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Intro talk: More than 60 years of Anderson Localization, and counting...

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MWSW02 - Theory of wave scattering in complex and random media

The phenomenon of Anderson loclaization was proposed 65 years ago to undertand the observed metal-insulator transition in electron conduction.  An “often quoted but never read work” according to Co-Nobel laureat Sir Nevil Mott, “an unregognizable monster” according to its creator Phillip Anderson after reviewing 25 years of intense research. The first mathematical proofs of Anderson loclization of electrons in 3D at low energies appeared in 1983. Many attemps to observe electron localization were conteststed. Numerical experiments – “indignified”  according to its creator, revealed Anderson localization, accompanied by critical behavior and finite-size scaling near the mobility edge. The first experiments with classical waves were done at the end of the former century, argued to be easier because free from dephasing and interaction. Localization of acoustic, elastic and micro waves has been reported, and recently even the 3D localization of cold atoms in light speckle. The observation of 3D light remains one of the holy grails. The sample needs to be one hundred million times denser than a fog with 1 meter visibility and this is challenging. A recent numercial experiments done with randomly positionned, resonant electric dipoles revealed no Anderson transition, not even for many dipoles packed together within a cubic wavelength, although this was widely believed to be  the simplest model to describe localization of light.  The vector nature of light, and in particular its non-propagating longitudical component is a very specific feature. Does it create another transport channel, so to prevent light to localize in this model? We will give an argument what breaks down in Anderson’s “Theory of White Paint”.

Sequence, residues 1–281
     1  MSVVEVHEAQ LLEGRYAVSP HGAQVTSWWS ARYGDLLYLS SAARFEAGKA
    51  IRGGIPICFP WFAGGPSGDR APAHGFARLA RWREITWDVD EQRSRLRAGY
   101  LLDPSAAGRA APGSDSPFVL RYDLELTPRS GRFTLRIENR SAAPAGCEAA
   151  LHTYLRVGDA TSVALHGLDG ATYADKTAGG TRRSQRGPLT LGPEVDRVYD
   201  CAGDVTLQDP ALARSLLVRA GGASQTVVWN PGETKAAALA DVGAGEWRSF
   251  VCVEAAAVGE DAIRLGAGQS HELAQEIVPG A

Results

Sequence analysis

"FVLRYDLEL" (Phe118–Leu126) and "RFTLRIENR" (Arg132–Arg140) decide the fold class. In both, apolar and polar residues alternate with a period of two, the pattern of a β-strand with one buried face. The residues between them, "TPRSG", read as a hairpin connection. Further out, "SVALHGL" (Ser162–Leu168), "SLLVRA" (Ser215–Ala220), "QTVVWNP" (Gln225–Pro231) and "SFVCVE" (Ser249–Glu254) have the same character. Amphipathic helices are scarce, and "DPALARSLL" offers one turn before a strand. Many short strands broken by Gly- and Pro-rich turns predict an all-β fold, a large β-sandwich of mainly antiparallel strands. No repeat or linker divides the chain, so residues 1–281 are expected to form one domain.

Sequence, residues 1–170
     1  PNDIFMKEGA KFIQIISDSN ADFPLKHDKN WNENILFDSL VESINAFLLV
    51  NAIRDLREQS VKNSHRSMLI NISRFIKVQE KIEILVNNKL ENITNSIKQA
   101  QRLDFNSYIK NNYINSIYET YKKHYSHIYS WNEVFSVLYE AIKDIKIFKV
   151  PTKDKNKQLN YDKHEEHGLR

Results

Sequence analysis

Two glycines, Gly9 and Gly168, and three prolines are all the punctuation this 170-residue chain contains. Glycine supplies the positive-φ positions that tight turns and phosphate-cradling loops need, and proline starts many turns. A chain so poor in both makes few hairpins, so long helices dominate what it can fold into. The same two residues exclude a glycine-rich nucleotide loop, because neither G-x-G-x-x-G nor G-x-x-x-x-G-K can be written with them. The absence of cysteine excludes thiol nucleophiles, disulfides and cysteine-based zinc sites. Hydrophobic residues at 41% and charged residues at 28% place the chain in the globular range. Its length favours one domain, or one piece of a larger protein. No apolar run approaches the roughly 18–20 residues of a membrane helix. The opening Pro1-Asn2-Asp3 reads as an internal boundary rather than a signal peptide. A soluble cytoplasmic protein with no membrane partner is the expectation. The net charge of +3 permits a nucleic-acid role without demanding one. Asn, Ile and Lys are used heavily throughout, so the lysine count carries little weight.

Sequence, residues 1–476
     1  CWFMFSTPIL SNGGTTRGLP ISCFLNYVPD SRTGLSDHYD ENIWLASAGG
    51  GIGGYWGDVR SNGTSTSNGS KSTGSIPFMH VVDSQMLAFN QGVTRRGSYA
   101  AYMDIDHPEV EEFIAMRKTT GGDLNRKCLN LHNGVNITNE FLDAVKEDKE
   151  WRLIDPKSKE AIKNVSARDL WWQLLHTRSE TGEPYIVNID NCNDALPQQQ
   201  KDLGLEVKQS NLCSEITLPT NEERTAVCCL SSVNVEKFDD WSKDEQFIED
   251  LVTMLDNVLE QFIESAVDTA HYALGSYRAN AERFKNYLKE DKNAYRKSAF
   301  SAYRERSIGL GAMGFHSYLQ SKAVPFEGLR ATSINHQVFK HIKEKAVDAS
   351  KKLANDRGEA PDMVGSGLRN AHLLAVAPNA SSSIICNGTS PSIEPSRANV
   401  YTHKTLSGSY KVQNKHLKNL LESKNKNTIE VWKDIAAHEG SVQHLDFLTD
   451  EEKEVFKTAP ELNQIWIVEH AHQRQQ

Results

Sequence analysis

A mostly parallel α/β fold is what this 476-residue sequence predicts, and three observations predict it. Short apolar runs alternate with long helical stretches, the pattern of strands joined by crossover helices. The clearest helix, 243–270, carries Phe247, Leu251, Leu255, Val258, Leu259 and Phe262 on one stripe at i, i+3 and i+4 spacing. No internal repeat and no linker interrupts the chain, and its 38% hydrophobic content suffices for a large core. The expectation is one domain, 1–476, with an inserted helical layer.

This talk is part of the Isaac Newton Institute Seminar Series series.

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